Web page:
Robert J Sawyer spends the first quarter of the novel in a mind boggling explanation of the theoretical physics underpinning the event - not for the faint-hearted. Wisely, the tv version only nods at this. Thereafter, he concentrates on the impact such a revelation has on the psyche: if we knew what the future held would we fight it, if we didn't like what we saw, or accept our fate as inevitable?
The novel wrestles with concepts of self determination, free will, fate and time as a dimension.

Don't buy the book if, like me, you want to find out how the tv series is going to end. Do buy it if you want to exercise your grey cells on some of the biggest questions we can ask about life's purpose.
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32 of 36 people found the following review helpful By A Customer on 16 July 1999
Format: Hardcover
This book is not just about the human consciousness leaping 21 years into the future. It's about the people to whom this happened. How do people who have been given a taste of their own future react to that knowledge? Humanity just had the "Fruit of Knowledge" thrust down its throat. Can we be the same after we gain that knowledge? Did that knowledge come at too high a price? Does freewill exist or is it just an illusion humanity concocted? Is the future immutable or can we make our own future? Sawyer deals with not only complex ideas, like these, but also complex emotions. He breathes life into his characters, then lets them take flight. Once I picked this book up, I could not put it down.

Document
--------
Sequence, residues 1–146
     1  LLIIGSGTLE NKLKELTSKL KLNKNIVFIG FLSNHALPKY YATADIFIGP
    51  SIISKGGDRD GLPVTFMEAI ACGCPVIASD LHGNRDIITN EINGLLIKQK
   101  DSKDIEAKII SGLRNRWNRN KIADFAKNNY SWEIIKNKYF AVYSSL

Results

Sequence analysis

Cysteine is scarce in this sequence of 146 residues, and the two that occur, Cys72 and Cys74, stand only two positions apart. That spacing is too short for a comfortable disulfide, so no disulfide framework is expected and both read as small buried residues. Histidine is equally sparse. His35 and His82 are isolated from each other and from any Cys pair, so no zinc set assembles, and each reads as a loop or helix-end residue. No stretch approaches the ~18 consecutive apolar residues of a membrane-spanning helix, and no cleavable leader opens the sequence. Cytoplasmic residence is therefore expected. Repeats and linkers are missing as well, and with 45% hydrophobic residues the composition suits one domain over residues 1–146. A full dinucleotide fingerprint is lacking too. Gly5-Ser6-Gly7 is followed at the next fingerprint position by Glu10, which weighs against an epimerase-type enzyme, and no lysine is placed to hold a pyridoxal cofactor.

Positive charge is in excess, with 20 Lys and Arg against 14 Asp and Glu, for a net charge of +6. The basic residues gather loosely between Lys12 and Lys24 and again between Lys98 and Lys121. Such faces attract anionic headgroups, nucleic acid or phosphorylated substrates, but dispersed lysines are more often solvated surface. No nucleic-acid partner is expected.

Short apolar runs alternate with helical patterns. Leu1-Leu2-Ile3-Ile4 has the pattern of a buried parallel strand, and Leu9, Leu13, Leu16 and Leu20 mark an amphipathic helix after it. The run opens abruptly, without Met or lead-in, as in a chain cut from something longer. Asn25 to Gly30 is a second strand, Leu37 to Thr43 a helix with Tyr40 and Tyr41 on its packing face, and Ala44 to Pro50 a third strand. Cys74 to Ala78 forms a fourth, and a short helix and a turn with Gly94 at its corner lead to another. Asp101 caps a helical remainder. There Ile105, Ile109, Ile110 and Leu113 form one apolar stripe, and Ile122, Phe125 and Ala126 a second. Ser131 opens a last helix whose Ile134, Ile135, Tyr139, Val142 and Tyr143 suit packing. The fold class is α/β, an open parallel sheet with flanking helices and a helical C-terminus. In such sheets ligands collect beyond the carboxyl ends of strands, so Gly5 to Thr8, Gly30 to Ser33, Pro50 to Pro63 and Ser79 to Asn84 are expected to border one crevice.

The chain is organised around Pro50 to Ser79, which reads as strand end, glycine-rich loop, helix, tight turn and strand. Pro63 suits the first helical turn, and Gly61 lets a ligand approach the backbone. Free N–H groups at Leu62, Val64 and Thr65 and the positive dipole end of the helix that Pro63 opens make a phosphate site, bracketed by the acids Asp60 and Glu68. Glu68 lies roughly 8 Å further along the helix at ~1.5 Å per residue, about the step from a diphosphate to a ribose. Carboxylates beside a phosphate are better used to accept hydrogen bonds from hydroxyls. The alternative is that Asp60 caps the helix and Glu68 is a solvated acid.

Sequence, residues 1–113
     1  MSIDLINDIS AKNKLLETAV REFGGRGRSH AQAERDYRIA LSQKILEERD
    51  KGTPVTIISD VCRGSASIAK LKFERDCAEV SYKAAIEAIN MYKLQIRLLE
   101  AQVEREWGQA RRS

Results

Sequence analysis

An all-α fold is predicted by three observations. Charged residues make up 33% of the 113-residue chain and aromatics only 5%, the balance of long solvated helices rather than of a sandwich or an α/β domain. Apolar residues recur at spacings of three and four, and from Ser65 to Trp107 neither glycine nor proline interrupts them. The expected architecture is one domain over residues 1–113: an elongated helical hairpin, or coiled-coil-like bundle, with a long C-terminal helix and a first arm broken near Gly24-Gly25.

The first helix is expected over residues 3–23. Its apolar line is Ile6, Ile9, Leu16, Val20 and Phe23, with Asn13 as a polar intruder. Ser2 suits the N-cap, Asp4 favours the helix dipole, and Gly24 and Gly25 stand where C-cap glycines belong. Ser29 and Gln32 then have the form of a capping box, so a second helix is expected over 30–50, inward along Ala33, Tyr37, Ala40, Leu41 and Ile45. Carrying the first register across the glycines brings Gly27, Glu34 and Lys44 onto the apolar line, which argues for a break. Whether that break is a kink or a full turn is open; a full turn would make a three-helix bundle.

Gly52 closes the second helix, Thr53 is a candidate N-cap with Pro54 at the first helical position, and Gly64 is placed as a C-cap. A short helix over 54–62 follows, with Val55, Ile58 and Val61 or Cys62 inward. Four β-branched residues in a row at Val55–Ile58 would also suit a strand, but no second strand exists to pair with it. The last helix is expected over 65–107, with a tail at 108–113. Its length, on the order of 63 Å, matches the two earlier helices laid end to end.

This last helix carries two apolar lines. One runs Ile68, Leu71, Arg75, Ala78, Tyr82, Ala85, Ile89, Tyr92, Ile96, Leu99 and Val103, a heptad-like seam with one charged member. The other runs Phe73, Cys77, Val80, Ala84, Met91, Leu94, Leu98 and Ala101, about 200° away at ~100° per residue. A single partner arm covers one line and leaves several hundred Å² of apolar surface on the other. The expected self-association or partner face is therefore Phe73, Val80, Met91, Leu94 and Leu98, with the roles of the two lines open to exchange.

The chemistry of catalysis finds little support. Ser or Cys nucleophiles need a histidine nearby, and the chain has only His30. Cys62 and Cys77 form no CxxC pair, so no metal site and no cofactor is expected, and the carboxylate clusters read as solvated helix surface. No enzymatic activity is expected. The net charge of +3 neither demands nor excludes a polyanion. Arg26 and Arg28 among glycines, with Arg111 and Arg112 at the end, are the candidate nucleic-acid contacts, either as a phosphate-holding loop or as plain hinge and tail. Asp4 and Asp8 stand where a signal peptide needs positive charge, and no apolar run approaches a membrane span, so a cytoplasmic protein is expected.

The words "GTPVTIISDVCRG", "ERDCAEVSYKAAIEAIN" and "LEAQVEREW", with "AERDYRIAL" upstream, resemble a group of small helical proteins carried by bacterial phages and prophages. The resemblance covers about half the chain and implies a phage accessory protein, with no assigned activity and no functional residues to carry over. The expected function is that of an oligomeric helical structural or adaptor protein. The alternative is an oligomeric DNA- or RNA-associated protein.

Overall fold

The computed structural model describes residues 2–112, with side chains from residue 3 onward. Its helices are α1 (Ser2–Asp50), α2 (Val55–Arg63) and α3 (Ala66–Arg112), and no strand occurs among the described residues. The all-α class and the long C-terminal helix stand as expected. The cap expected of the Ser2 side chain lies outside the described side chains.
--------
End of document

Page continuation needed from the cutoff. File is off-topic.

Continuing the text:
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33 of 39 people found the following review helpful By Blackhorse47 on 8 Oct 2009
Format: Paperback
This inevitable release to tie in with the new tv series is sure to have people rushing to read it in the hope of finding answers to the numerous conundrums and Lost-style red herrings that have already been provided. So a word of caution: this book was written ten years ago and the series is only based on the book's central idea. There are already massive changes of direction and focus from the book, and it's likely the direction may go further apart, especially if the series runs for a while. That's not a bad thing though as the central idea is one of Sawyer's best and can be explored in many ways.

What would you do if you knew what the future had in store for you? This is the intriguing question that some scientific technobabble involving quantum mechanics throws up. Free will versus apparent predestination is a fascinating concept. The predicament of the characters, some of whom learn how they'll die and when, and some of whom learn how their lives will turn out for better or worse, is an idea that grabs the attention. Some people give up and accept the inevitable, some people just give up and kill themselves, some people try to change the future, and some people even try to ensure the future they saw does happen.

These attitudes build up a picture of the various views of fate we probably all have and as such it represents the very best that science fiction can provide. Sf always works best when it takes a single idea and asks how the world will change because of it. What I found less successful was the science aspects. I've enjoyed a few Sawyer novels and for me they usually get bogged down with trying too hard to make the science believable, when it rarely is.